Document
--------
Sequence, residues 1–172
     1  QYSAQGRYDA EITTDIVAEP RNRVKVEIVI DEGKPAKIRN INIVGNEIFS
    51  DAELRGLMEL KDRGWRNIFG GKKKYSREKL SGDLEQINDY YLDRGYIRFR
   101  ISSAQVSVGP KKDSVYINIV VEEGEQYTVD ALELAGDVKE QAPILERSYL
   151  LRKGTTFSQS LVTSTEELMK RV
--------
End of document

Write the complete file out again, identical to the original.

Sequence, residues 1–172
     1  QYSAQGRYDA EITTDIVAEP RNRVKVEIVI DEGKPAKIRN INIVGNEIFS
    51  DAELRGLMEL KDRGWRNIFG GKKKYSREKL SGDLEQINDY YLDRGYIRFR
   101  ISSAQVSVGP KKDSVYINIV VEEGEQYTVD ALELAGDVKE QAPILERSYL
   151  LRKGTTFSQS LVTSTEELMK RV